Lassiter v. Alabama A & M Univ. &c., 28 F.3d 1146, 1149 (11th Cir.1994). The burden is on the government official to demonstrate that [245 Ga. App. 39] the alleged constitutional violations occurred while she was acting in the scope of her discretionary authority. Once that is established, the burden then shifts to the plaintiff to establish that the defendant violated a clearly established statutory or constitutional right. Harbert Intl. v. James, 157 F.3d 1271, 1281 (11th Cir.1998). This requirement that plaintiff show a clearly established right is a strenuous one:

For the law to be clearly established to the point that qualified immunity does not apply, the law must have earlier been developed in such a concrete and factually defined context to make it obvious to all reasonable government actors, in the defendant's place, that what he is doing violates federal law.

(Citations and punctuation omitted.) Jenkins v. Talladega City Bd. of Ed., 115 F.3d 821, 823 (11th Cir.1997). As the U.S. Supreme Court has stated, the shield of qualified immunity extends to all government actors but the plainly incompetent or those who knowingly violate the law. Malley v. Briggs,

537 S.E.2d 197
475 U.S. 335, 341-43, 106 S.Ct. 1092, 89 L.Ed.2d 271 (1986).

Here, the allegations center around Coleman's actions in supervising Michael. Sawyer has not alleged that Laskey had any direct involvement in the events at issue. We have previously held that a probation officer is exercising discretionary authority in supervising or monitoring probationers in his charge. Dept. of Corrections v. Lamaine, 233 Ga.App. 271, 273, 502 S.E.2d 766 (1998) (probation officer's supervision of convicted criminal). Therefore, Coleman and Laskey are entitled to qualified immunity unless Sawyer can demonstrate that their conduct violated "a clear, factually-defined, well-recognized right of which a reasonable [juvenile probation officer] should have known." (Citation and punctuation omitted.) Thomas v. Holt, 221 Ga.App. 345, 348(1), 471 S.E.2d 300 (1996).

1. Sawyer argues Michael's constitutional rights were violated when Coleman made the decision to transport him to the RYDC without a hearing. The U.S. Supreme Court has held that no liberty interest protected by the due process clause is affected when a convicted adult prisoner is transferred from one prison facility to another. Meachum v. Fano, 427 U.S. 215, 224, 96 S.Ct. 2532, 49 L.Ed.2d 451 (1976). And "[t]his general legal principle appears equally applicable to duly adjudicated juvenile delinquents in the custodial care of [the Department of Children & Youth Services in Georgia]." People v. Bertholf, 99 Misc.2d 321, 323, 416 N.Y.S.2d 173 (1979) (holding no constitutional violation in transferring juvenile to more secure facility, but finding transfer violated state statute that required a hearing). See also Cruz v. Collazo, 450 F.Supp. 235, 239 (D.P.R.1978).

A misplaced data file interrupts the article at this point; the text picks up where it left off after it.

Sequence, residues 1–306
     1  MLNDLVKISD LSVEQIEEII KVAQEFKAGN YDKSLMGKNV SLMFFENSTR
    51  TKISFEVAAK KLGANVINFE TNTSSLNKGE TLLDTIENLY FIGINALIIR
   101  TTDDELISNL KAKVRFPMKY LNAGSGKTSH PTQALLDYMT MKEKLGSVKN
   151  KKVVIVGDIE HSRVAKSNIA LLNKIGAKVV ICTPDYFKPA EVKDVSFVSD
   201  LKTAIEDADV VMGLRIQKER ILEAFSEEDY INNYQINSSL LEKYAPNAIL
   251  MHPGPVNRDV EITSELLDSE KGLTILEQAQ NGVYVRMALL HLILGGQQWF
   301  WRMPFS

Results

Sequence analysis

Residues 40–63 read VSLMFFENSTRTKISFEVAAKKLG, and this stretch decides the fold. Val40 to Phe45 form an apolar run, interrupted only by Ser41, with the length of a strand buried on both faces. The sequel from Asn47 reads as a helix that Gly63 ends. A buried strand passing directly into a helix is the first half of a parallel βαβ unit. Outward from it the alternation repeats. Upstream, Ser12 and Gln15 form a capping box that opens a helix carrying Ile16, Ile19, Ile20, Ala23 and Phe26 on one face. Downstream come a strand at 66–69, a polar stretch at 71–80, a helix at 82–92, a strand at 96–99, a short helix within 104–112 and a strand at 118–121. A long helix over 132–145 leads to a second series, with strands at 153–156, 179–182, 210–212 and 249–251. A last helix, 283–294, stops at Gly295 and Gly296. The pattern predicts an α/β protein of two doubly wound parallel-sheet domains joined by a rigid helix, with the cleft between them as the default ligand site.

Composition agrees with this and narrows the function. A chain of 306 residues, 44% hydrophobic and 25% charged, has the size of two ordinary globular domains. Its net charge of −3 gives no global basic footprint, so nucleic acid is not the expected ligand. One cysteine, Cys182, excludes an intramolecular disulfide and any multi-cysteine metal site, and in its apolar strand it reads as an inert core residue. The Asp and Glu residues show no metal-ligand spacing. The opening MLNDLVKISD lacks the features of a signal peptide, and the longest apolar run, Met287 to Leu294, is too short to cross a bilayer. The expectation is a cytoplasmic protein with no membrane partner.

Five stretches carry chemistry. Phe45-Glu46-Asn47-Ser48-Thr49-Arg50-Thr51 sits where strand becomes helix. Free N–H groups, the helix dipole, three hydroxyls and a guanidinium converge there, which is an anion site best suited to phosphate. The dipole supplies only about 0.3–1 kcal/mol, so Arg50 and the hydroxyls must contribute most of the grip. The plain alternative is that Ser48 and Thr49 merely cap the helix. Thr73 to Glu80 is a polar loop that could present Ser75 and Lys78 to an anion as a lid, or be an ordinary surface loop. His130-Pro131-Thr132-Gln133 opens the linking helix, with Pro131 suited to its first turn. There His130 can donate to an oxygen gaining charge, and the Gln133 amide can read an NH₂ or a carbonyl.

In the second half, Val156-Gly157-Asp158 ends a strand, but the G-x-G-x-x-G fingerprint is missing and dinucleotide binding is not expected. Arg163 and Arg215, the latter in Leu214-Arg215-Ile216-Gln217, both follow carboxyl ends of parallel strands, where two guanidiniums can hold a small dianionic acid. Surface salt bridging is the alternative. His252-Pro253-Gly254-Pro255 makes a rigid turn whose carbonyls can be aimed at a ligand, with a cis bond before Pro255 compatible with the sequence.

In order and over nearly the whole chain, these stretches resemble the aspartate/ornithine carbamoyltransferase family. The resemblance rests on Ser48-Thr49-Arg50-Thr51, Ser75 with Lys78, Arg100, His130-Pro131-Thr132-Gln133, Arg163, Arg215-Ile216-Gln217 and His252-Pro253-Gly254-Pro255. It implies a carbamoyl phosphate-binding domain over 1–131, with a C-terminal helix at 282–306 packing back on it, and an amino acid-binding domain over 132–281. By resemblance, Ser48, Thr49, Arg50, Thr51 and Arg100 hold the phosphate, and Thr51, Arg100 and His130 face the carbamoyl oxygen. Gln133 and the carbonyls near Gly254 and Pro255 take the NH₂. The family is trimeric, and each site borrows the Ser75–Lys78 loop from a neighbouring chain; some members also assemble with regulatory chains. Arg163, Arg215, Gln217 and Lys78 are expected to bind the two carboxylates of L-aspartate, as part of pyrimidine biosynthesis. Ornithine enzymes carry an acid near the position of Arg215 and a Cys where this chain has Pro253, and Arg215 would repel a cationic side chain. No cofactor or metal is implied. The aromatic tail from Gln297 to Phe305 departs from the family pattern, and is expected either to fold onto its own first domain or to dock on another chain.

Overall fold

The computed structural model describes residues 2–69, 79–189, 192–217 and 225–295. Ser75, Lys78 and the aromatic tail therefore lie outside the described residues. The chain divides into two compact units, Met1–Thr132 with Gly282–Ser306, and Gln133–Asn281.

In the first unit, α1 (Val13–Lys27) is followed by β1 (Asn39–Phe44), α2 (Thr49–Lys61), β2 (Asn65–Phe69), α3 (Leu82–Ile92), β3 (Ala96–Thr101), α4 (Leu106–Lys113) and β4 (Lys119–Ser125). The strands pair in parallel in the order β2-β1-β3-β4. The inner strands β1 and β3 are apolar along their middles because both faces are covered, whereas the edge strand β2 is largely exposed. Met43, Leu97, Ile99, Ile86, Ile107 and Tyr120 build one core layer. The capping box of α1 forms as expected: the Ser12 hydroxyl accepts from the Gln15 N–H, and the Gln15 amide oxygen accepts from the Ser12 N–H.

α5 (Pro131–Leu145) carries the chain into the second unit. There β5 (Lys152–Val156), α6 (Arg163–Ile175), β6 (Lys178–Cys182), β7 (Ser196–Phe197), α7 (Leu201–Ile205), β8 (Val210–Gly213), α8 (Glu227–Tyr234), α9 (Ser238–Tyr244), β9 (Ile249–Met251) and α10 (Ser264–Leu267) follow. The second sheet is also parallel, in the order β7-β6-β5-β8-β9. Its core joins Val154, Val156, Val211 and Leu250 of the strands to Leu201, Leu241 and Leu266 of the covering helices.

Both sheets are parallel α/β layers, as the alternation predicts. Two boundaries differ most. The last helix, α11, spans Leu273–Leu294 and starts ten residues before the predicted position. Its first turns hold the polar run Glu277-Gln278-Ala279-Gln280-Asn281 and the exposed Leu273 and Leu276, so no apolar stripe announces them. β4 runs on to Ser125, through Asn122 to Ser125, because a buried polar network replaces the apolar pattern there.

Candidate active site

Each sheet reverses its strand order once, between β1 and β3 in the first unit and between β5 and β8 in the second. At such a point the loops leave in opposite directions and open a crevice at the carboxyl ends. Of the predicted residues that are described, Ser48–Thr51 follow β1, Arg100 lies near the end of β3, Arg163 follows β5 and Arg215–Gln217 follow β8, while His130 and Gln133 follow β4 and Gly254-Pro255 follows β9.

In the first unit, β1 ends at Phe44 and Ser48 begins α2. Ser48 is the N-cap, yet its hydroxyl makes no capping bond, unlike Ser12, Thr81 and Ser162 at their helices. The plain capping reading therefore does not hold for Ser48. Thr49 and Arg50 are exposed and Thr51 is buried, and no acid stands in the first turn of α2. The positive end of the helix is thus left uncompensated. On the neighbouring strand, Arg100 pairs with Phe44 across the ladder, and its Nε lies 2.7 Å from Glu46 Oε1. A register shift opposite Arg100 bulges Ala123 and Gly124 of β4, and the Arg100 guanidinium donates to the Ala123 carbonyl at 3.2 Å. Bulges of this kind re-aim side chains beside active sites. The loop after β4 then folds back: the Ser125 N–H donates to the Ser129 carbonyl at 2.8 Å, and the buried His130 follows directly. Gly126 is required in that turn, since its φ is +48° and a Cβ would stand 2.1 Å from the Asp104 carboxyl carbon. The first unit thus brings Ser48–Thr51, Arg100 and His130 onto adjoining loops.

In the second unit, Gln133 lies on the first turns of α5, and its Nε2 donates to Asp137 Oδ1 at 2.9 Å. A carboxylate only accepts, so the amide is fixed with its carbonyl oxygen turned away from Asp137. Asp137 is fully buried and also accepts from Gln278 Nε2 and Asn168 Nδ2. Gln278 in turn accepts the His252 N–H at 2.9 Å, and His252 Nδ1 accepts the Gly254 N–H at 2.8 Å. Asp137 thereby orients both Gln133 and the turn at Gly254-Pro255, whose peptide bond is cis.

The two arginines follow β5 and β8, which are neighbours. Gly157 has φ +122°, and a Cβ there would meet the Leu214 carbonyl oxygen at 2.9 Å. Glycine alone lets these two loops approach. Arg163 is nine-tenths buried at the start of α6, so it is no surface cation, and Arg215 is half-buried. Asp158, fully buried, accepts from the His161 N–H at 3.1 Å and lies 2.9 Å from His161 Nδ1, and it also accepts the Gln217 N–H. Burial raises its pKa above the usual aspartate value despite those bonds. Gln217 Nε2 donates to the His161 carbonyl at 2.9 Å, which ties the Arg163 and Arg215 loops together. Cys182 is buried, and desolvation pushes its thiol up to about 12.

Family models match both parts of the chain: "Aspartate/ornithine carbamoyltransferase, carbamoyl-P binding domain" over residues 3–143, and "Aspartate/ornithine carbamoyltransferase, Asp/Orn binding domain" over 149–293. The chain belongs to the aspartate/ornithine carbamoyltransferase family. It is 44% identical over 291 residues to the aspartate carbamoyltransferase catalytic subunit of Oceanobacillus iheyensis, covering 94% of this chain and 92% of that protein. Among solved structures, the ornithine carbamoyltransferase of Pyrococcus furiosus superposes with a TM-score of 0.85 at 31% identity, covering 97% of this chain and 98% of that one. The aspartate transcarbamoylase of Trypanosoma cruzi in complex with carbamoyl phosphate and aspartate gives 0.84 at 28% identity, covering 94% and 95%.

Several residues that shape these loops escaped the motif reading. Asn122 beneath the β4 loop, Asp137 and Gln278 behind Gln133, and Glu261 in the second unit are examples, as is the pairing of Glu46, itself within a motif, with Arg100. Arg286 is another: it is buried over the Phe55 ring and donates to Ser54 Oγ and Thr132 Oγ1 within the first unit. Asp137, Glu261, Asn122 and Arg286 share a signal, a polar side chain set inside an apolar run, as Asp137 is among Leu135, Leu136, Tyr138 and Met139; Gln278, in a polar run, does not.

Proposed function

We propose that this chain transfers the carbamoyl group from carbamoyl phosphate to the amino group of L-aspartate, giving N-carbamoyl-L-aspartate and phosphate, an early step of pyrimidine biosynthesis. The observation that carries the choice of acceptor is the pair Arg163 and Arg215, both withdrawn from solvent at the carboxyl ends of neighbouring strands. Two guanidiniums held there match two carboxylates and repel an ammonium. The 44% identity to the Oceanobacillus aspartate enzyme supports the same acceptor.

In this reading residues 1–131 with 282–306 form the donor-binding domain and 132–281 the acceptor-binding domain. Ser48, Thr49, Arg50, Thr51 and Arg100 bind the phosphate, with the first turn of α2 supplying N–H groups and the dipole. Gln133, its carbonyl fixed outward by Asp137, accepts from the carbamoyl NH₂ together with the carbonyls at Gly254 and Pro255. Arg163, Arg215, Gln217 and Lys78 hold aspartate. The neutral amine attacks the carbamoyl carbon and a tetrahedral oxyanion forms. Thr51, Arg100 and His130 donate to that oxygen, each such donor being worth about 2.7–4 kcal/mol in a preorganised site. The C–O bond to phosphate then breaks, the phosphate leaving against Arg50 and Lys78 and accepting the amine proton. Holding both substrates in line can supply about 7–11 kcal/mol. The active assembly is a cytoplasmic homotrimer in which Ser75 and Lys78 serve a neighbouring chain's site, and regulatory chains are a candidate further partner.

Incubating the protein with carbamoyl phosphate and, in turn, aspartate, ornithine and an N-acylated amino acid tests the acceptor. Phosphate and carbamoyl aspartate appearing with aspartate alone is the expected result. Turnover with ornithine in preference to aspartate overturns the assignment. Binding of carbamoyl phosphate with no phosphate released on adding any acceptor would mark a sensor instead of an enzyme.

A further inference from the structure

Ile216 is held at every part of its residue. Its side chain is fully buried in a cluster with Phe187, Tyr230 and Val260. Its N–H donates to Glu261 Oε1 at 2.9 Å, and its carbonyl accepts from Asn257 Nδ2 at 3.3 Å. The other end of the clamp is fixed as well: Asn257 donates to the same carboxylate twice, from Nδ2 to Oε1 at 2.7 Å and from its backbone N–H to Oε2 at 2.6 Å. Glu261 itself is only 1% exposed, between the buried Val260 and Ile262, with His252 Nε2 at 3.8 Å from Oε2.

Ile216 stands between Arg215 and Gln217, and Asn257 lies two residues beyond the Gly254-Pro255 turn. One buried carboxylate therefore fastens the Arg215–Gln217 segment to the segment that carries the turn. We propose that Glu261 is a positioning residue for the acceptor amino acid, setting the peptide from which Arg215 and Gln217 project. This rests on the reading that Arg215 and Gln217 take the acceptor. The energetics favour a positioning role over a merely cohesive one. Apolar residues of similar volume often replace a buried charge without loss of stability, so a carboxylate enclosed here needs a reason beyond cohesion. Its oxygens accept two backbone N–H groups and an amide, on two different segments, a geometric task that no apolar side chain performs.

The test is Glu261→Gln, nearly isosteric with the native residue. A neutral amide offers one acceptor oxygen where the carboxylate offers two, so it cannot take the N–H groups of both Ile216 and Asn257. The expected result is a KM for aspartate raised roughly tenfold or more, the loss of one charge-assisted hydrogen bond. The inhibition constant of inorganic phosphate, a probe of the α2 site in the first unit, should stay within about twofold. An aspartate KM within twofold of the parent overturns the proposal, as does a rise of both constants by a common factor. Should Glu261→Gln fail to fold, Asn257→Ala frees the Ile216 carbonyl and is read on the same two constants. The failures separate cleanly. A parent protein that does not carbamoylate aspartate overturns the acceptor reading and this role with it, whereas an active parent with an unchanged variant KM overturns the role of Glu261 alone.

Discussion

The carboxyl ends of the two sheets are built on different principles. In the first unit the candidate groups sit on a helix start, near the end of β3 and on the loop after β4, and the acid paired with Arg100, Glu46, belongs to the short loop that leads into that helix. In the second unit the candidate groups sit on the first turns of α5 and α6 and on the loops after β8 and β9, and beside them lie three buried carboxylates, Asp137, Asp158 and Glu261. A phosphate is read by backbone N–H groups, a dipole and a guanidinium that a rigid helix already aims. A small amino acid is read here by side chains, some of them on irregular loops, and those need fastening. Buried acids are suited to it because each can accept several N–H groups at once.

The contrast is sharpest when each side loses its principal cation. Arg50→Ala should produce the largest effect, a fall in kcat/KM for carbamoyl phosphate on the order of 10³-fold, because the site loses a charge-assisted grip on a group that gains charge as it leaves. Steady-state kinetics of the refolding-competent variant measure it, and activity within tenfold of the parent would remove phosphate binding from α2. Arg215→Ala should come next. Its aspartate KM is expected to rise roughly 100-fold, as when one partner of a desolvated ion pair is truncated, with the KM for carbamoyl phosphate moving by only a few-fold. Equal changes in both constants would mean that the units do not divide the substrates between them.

[245 Ga. App. 40] Here, Sawyer does not contest that in October 1993 a juvenile...

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    • United States
    • United States Court of Appeals (Georgia)
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    ...v. Ingles Markets, 241 Ga.App. 302, 304(2), 524 S.E.2d 766 (1999); Tanner v. Larango, 232 Ga.App. 599, 600(2), 502 S.E.2d 516 (1998);14 537 S.E.2d 193 Denham v. Young Men's Christian Assn. &c., 231 Ga.App. 197, 499 S.E.2d 94 (1998). Consequently, I would affirm the trial court's order grant......
  • Howell v. Willis
    • United States
    • United States Court of Appeals (Georgia)
    • June 29, 2012
    ...See Ga. Dept. of Corrections v. Lamaine, 233 Ga.App. 271, 275(1), 502 S.E.2d 766 (1998) (Beasley, J., dissenting). Cf. Sawyer v. Coleman, 245 Ga.App. 37, 38–39, 537 S.E.2d 193 (2000) (in actions under 42 U.S.C. § 1983, government official has burden of demonstrating that alleged violation o......
  • Kraft v. Adams, A00A1950.
    • United States
    • United States Court of Appeals (Georgia)
    • January 23, 2001
    ...25, 112 S.Ct. 358, 116 L.Ed.2d 301 (1991). 3. Bell v. City of Albany, 210 Ga.App. 371, 374, 436 S.E.2d 87 (1993). 4. Sawyer v. Coleman 245 Ga.App. 37, 38-39, 537 S.E.2d 193 5. Perry Ed. Assn. v. Perry Local Educators' Assn., 460 U.S. 37, 45, 103 S.Ct. 948, 74 L.Ed.2d 794 (1983). 6. Isaac v.......
    • United States
    • United States Court of Appeals (Georgia)
    • July 12, 2000
    ...Court only as to Division 1. Judgment affirmed. JOHNSON, C.J., POPE, P.J., ANDREWS, P.J., SMITH, P.J., ELDRIDGE, and MIKELL, JJ. concur. [245 Ga. App. 37]-------- Notes: 1. 272 Ga. 404, 528 S.E.2d 785 2. 239 Ga.App. 350(1), 520 S.E.2d 767 (1999). --------...